Today I welcome author and speaker Kathy Howard as a guest on my blog. Kathy is an excellent Bible teacher. This post is adapted from her new devotional book, “Deep Rooted: Growing through the Book of Acts,” which will show you how to interact with and apply Scripture, not just read it.
Weighty Last Words
“But I do not account my life of any value nor as precious to myself, if only I may finish my course and the ministry that I received from the Lord Jesus, to testify to the gospel of the grace of God” (Acts 20:24 ESV).
We don’t always know when the last conversation we have with someone will be our last. My father’s death was unexpected, so the last time we talked we discussed casual, every day topics, nothing terribly significant.
My mother’s passing was different. She had a long, brutal battle with Alzheimer’s. For the last three years of her life, Mom lived near my brother in Tennessee. The journey was almost one thousand miles for me, but I went regularly. I visited them in February 2020, then the COVID lockdowns hit. Due to the disease, Mom could not Facetime or even talk on the phone. And she continued to decline.
In October 2020 the hospice director gave me special permission to visit her. God graciously provided this just two weeks before her death. Mom could not talk to me, but I told her how much I loved her and what a wonderful mother she’d been. I filled her in on her grandchildren and great-grandchildren.
Our last moments together were sweet. I sang her favorite hymns, held her hand, and kissed her cheek. After reading Scripture, I reminded her how much Jesus loved her. These, my last words with her, were significant. Meaningful. Weighty.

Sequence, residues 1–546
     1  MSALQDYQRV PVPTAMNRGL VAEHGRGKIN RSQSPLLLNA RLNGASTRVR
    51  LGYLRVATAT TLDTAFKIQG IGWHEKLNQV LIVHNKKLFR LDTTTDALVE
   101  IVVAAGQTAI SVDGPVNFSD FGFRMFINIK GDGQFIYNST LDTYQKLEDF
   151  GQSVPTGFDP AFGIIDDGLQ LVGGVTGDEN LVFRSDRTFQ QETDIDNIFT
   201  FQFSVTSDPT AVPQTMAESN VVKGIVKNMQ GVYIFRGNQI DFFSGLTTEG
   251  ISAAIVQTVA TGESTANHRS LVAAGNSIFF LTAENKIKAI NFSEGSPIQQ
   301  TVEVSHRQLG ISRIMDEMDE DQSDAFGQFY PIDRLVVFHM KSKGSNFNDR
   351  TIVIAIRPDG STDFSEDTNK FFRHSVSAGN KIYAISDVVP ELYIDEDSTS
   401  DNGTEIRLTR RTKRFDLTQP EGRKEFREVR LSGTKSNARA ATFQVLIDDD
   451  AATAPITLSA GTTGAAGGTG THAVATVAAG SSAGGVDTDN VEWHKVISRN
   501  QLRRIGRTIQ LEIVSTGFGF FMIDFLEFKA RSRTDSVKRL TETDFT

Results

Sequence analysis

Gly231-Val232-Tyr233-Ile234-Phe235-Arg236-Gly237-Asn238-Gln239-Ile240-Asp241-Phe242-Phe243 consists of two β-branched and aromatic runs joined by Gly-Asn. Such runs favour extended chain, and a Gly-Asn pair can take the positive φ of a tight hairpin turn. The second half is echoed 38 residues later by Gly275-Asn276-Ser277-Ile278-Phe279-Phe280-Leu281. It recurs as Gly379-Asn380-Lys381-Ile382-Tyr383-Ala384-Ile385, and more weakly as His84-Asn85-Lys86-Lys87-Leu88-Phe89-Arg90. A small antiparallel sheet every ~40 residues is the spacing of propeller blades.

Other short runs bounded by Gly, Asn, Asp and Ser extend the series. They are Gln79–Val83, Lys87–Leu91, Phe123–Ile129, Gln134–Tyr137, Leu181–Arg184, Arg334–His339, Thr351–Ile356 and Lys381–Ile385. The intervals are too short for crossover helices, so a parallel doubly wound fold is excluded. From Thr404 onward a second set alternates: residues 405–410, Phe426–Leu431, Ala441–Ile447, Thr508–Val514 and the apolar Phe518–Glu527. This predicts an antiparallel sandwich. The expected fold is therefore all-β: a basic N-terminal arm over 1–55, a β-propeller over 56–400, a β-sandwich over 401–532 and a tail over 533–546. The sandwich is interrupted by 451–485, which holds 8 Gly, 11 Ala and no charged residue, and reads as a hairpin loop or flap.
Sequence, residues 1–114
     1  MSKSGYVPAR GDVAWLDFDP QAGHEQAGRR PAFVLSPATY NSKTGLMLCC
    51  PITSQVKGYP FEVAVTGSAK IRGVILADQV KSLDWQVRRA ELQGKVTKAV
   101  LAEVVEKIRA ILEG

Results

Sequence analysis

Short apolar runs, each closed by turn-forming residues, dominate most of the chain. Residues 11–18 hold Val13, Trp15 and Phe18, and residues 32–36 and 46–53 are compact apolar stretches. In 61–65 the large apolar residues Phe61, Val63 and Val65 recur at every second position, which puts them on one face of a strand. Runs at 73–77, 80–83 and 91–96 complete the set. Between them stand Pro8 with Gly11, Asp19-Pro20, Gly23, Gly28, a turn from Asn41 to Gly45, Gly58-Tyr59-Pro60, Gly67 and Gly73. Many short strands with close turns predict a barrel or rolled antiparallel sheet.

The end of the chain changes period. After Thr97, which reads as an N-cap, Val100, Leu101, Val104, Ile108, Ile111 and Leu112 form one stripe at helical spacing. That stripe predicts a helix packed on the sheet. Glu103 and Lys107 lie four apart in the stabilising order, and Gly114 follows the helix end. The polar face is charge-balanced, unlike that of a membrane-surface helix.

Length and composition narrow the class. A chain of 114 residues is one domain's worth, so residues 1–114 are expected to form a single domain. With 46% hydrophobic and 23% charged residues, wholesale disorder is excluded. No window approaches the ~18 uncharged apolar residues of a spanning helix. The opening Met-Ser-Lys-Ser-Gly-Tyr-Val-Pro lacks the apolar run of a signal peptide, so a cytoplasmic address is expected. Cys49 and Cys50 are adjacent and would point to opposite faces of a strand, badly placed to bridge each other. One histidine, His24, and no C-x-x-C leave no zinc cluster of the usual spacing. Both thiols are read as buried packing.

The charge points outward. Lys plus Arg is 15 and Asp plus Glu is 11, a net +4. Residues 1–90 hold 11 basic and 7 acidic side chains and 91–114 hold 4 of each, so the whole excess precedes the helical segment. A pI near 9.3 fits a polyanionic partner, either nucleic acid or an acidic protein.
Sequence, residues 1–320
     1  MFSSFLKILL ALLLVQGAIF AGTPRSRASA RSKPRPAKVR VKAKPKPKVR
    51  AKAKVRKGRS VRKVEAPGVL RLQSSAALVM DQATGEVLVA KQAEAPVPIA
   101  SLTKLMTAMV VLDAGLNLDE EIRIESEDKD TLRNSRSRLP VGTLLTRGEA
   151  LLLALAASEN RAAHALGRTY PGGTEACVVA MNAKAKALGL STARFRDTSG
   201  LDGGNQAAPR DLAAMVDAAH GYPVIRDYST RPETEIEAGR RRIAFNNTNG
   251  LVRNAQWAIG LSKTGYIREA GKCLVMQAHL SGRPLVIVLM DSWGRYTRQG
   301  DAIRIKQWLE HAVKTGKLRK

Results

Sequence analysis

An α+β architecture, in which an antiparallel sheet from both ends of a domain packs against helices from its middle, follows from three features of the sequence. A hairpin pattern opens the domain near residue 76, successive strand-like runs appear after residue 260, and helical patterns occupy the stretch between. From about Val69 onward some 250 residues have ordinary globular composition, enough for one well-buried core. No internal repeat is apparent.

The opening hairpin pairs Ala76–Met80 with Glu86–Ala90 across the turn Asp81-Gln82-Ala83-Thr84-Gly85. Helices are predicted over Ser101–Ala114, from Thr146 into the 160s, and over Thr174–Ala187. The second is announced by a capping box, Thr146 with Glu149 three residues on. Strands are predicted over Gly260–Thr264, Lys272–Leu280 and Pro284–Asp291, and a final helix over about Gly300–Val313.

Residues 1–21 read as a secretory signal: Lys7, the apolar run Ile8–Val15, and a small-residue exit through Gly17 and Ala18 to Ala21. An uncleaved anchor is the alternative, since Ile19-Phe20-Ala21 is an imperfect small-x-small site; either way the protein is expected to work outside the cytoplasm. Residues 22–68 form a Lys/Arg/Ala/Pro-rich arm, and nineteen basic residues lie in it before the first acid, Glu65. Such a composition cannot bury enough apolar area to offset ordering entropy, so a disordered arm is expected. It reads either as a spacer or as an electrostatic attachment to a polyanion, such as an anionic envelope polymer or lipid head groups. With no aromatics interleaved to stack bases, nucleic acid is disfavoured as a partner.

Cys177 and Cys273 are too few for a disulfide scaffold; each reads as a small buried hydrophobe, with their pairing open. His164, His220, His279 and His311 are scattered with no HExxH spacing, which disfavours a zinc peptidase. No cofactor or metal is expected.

The Importance of Last Words
Paul knew the importance of last words, the urgent obligation to say what needs to be said. On his way to Jerusalem, near the end of his third missionary journey, Paul had a burning message for the leaders of the Ephesian church. But knowing a visit to Ephesus would require too much time, he sent for the leaders to meet him along the way. These “elders” were the pastors and teachers of the church, the ones responsible for the spiritual formation of the believers.
First, Paul reminded them of his ministry in Ephesus. He poured out everything to proclaim the Gospel and to minister to the believers. He financially supported himself. He endured persecution. He humbly, but boldly taught everything they needed. Next, Paul warned them to be on guard against false teaching. Even some of these leaders would distort the Word of God for their own gain.
Paul left nothing unsaid. He held nothing back because he did not live for himself. Paul’s greatest desire was to complete the work Jesus gave him. To finish well. In his last known letter, the second to his spiritual son Timothy, Paul reflected on his life and ministry:
“For I am already being poured out as a drink offering, and the time of my departure has come. I have fought the good fight, I have finished the race, I have kept the faith.” (2 Timothy 4:6-7 ESV).
Paul’s last words describe a life lived all out for the Lord Jesus.
No regrets. Nothing left undone. When the end of my race draws near, I pray I will be able to say the same.
Pray: Lord Jesus, help me to live all out for You. To hold nothing back. To leave nothing undone. Amen.
Kathy Howard is a treasure hunter. She hunts for the creamiest chocolate, richest coffee, and cherished stories of faith. She also digs deep into Scripture, mining God’s eternal truths. Kathy has a Masters in Christian Education and has taught the Bible for more than 30 years in a wide variety of venues. Kathy is the author of 11 books, including “Heirloom: Living and Leaving a Legacy of Faith” and the “meaty” devotional series “Deep Rooted.” Kathy and her husband live in north Texas. They have three married children, six grandchildren, and two accidental dogs. Find free discipleship resources at www.KathyHoward.org. You can also connect with Kathy on Facebook and Instagram.